For most of history, imprisoning has not been a punishment in itself, but rather a way to confine criminals until corporal or capital punishment was administered. Only in the 19th century, beginning in Britain, did prisons as known today become commonplace. The modern prison system was born in London. The notion of prisoners being incarcerated as part of their punishment and not simply as a holding state until trial or hanging was at the time revolutionary. This is when prisons had begun to be used as criminal rehabilitation centers. A prison is a place in which people are physically confined and, usually, deprived of a range of personal freedoms. The purpose of prison is to punish offenders and act as a deterrent to those who commit crime. The public, therefore, are protected from those criminals. Rehabilitation is the idea of curing an offender of his or her criminal tendencies, of changing their habits, their outlook and possibly even personality, so as to make them less inclined to commit crimes in the future. It seeks to prevent a person from reoffending by taking away the desire to offend. In the prison context it means readying prisoners to rejoin society, as useful and law-abiding members of the wider community. Criminal rehabilitation works to reduce criminal recidivism.
As the graph below shows, offenders leaving custodial sentences committed almost twice the number of crimes in the first quarter of 2008 than those previously given court orders. The evidence suggests that those who were given court orders rather then custodial sentences were less likely to reoffend.
Ministry Of Justice (2008)
According to the Ministry of Justice's most recent publication,
“offenders commencing court orders have lower (reoffending) frequency rates than offenders discharged from prison.” The report which was made by the Public Accounts Committee in 2008 found that there was reason to believe that community orders had been more successful in combating reoffending than custodial sentences. The group of MPs who produced these reports found that for those given community sentences, found that actual reconviction rate was lower than those sentenced to custodial sentences for similar offences. Their findings indicate that community orders have a bigger impact on reducing reoffending. This may indicate that prison is not working as a form of punishment or deterrent.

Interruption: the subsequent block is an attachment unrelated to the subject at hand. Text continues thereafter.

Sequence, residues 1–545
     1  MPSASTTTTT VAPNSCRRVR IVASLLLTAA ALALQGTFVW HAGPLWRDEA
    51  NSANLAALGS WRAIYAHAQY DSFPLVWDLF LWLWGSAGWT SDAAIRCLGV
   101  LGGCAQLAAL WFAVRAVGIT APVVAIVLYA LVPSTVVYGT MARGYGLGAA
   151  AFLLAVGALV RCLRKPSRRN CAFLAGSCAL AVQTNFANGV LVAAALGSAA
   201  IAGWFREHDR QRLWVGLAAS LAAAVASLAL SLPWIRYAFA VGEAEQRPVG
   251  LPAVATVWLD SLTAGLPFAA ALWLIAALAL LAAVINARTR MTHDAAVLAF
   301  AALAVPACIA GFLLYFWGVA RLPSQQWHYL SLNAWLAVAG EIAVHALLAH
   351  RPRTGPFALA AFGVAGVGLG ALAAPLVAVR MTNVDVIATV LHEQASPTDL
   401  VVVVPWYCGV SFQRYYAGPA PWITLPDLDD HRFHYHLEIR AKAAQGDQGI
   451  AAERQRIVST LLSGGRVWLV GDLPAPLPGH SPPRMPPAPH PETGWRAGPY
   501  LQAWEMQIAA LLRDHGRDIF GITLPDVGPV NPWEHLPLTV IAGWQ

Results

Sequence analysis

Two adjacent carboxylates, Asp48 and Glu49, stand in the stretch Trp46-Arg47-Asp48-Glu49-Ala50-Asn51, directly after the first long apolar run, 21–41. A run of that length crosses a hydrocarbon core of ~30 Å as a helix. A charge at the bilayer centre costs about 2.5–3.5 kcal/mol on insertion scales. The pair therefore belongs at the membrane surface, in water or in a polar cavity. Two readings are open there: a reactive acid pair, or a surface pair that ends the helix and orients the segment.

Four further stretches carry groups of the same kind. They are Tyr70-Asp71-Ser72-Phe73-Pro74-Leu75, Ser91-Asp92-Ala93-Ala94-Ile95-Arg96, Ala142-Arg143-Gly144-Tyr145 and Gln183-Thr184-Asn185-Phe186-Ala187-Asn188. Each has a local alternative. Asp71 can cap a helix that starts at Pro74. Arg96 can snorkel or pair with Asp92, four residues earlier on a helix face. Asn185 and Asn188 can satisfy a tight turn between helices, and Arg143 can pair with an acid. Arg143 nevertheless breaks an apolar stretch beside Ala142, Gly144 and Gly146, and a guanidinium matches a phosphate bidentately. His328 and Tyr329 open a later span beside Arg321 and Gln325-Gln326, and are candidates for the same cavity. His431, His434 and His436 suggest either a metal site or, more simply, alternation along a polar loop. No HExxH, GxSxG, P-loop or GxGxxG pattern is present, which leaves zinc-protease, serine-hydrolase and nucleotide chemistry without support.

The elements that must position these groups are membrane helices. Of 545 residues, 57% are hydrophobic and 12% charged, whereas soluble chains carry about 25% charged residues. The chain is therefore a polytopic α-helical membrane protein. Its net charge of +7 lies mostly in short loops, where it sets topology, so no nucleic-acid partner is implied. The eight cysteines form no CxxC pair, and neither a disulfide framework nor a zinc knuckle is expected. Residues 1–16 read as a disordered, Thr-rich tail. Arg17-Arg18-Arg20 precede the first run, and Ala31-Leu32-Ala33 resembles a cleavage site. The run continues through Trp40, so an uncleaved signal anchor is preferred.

“Fourteen prisons in England and Wales, most of which hold short-term inmates, have reconviction rates of more than 70%, Ministry of Justice figures disclosed today reveal.” The Guardian (2010)
“The statistics underline the long-term ineffectiveness of the criminal justice system at diverting persistent offenders from a life of crime. Of those given a community punishment or sent to prison, 74% are convicted of another crime within nine years.” The Guardian (2010)
The above statements clearly highlight the ineffectiveness of a prison sentence. It acts as a deterrent for few and the re offending rates show that the custodial sentence is ineffective to criminals. For offenders prison is not a place to rehabilitate or emerge from as upstanding and law abiding citizens. The statements also suggest that prison is not working as a form of punishment or means of deterrent but in fact a place where offenders don’t mind returning to. Prison seems to be a form of rehabilitation for less than 30% of the prison population. Pead 2006 suggests that the majority of people leaving prison are not so chastened by their ordeal that they refrain from crime. His claims are wholly backed up by the above statistics.
“Learco Chindamo, the killer of headmaster Philip Lawrence, has been arrested for an alleged violent mugging just four months after he was controversially freed from prison and allowed to remain in Britain. “ The Telegraph (2010)
Chindamo was freed in July 2009 having served 14 years of a life sentence for stabbing 48-year-old Head teacher